If a country implements a two-tier benefit system that includes a flat-rate basic benefit (as in the United Kingdom and Japan) or a progressive benefit formula of the type in the United States, the gap in pension benefits will be smaller than the gap in wages. Alternatively, a Swedish-type residence-based minimum pension can compensate for the wage gap.

Pensions for Nonregular Employees

In the past, entitlements to pensions related to social security earnings were often limited to regular employees working full time. A growing number of countries have expanded their coverage of earnings-related pensions to part-time and other nonregular employees. However, this expansion has encouraged employers to offer a lower wage rate to atypical employees working less than full time. It has also encouraged them to switch to contract-based work with self-employed persons, increasing the number of pseudo-self-employed workers. Additionally, if system implementation is weak, the expansion of coverage to nonregular employees tends to increase the number of people working in the informal sector. Another method used by employers to avoid paying the necessary social security contributions is to move production lines to other countries with lower wages and less well developed social security systems.

Pension Credits for Child Rearing and Caring for the Elderly

Benefits for those on maternity or parental leave are usually smaller than the wages or salaries they were earning. If these benefits are included in the basis for these workers’ pension benefit calculations, most mothers will ultimately receive a lower old-age pension.

To solve this problem, a growing number of countries are providing special pension credits in this situation. A typical method is to exempt the parents on leave from making social security contributions and for the government to make their contributions for them according to their previous salary, using money from general revenues or contributions made by other insured persons. With these credits, pensions can be neutral with regard to childbearing and the care of infants.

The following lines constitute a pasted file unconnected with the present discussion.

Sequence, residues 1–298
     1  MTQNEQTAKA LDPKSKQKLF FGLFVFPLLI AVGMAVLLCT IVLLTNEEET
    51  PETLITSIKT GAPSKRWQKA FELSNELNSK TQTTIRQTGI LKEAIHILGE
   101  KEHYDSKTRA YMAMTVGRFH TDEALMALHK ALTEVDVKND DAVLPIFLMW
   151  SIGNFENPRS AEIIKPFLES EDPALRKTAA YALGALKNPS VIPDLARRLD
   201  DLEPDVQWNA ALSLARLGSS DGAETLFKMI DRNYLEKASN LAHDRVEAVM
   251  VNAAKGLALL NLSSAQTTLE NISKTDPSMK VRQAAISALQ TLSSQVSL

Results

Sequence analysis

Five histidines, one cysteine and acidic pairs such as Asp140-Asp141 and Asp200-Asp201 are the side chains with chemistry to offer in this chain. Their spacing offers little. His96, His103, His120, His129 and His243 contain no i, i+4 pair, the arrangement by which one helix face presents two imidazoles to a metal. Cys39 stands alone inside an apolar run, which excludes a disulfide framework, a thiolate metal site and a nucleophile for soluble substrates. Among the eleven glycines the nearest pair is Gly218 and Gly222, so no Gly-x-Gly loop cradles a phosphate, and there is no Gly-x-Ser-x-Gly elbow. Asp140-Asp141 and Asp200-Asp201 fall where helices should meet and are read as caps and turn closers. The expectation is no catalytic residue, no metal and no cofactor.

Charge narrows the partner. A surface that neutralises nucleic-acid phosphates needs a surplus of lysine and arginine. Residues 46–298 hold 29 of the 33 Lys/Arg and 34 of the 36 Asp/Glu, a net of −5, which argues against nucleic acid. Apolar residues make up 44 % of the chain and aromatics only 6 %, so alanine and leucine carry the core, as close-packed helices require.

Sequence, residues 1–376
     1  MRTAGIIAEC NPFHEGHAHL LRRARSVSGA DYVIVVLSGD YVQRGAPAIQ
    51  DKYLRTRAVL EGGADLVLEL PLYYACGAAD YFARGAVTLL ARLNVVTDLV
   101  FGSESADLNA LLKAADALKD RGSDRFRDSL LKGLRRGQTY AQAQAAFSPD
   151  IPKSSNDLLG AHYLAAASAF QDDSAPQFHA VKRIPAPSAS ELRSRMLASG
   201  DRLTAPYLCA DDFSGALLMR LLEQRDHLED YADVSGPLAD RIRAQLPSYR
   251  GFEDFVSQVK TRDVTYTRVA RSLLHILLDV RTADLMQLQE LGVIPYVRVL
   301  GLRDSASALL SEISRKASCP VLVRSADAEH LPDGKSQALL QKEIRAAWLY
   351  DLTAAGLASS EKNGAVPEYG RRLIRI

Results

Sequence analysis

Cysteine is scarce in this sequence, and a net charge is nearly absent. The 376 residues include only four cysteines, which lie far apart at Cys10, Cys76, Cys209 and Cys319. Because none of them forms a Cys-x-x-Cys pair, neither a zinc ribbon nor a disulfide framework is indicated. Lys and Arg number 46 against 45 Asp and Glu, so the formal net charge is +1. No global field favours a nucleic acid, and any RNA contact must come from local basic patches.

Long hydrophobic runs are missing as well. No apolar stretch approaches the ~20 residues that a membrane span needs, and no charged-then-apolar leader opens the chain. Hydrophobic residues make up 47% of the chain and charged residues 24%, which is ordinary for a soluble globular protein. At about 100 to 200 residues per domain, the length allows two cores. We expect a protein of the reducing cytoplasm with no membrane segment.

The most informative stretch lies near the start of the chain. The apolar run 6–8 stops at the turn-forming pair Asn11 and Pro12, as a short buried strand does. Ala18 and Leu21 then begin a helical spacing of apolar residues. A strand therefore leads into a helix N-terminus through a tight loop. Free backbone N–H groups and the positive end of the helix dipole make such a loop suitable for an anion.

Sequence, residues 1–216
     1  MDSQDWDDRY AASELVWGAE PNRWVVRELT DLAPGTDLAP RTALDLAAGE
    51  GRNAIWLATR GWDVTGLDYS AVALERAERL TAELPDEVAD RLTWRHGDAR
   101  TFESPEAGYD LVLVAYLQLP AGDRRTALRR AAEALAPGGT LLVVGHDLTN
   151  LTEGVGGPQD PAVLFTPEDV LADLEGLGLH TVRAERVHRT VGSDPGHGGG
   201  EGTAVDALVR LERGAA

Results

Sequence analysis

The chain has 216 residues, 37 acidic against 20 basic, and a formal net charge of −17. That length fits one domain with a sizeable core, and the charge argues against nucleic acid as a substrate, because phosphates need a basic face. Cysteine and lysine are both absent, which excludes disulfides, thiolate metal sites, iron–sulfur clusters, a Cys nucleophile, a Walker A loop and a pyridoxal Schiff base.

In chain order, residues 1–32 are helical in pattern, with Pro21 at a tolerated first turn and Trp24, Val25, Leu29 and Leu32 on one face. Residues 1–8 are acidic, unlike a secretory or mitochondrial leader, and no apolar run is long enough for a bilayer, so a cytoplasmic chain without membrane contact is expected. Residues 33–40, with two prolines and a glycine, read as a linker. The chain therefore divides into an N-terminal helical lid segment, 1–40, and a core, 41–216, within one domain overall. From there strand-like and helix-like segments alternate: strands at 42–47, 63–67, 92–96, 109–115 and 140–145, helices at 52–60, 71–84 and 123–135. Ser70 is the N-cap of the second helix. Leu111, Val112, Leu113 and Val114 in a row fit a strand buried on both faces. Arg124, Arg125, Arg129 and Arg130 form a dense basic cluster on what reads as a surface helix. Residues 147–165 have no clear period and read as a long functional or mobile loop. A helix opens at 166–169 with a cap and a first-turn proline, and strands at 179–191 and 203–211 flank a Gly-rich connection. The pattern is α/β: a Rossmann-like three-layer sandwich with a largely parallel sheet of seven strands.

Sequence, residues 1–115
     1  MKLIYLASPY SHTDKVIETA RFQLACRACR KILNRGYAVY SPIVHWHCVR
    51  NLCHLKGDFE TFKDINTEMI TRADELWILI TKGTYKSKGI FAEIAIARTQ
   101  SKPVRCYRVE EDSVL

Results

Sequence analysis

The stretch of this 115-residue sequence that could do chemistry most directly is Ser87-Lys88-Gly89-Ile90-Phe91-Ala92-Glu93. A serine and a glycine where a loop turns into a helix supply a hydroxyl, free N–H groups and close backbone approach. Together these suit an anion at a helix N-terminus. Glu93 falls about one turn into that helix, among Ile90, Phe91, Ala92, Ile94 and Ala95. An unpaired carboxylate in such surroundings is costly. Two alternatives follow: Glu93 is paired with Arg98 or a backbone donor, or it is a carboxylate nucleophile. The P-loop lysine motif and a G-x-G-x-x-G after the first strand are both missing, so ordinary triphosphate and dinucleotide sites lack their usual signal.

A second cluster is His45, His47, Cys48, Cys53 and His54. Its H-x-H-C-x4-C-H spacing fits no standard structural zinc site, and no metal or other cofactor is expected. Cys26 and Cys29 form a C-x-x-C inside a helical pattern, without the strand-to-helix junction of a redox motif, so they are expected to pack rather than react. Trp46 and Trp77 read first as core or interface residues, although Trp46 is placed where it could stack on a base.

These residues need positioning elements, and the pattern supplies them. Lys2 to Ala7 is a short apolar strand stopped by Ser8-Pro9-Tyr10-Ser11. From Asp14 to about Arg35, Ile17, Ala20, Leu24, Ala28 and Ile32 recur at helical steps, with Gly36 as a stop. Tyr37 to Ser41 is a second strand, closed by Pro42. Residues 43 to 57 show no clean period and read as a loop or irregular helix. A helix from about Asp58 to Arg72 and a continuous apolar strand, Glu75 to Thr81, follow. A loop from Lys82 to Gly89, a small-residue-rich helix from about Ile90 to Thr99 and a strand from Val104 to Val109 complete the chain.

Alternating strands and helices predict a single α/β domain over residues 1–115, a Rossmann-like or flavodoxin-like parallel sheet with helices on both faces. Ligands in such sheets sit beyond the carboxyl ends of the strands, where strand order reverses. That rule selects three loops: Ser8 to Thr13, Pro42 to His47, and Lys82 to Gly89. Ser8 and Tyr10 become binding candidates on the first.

Longer career interruptions for child rearing can cause labor market reentry difficulties, leading to lower salaries. Some countries offer special advantages to women who work as nonregular employees (for example, as part-time workers) while engaging in child rearing. Germany treats them as if they were earning 1.5 times their actual wages (up to a limit) until their children are 10 years old. These advantages, however, will reduce a mother’s incentive to remain, or resume being, a full-time regular employee. Canada and the United Kingdom calculate career average earnings by dropping the years spent in child rearing. This calculation may be more advantageous to higher-earning women.

Other countries promise an additional old-age pension benefit to those who raise children. 12 The purpose of this benefit is to maintain a higher fertility rate. However, few countries have a lower contribution rate for those involved in child rearing, although several countries have explored this possibility.13

Pension credits for those who care for the frail elderly are rare, but a growing number of countries have set up social insurance systems for long-term care. Without such a system, many women are likely to accumulate fewer years of paid work because they care for aging parents or in-laws. Consequently, their old-age pension benefits will be lower.

Pensions for Full-Time Spouses

Pension arrangements for dependent full-time spouses vary from country to country and by stage of economic development. Pension systems can be designed based on the individual or based on a household unit. A purely individualistic system does not make allowances for full-time spouses and does not provide survivor pensions. Under such a system, lower wage earners will receive lower pensions.

However, many countries (including Japan, the United Kingdom, and the United States) have household-based social security pensions. If a husband earns a salary and makes contributions to social security, his dependent wife is also entitled to an old-age pension benefit. Typically, the pension for a dependent wife is about half the benefit her husband receives. Another option is to split the husband’s earnings equally when determining entitlement to pension benefits; however, this approach may reduce men’s incentives to marry (see, e.g., Burkhauser and Holder, 1982). Financing these pensions can be a contentious issue (Box 5.2).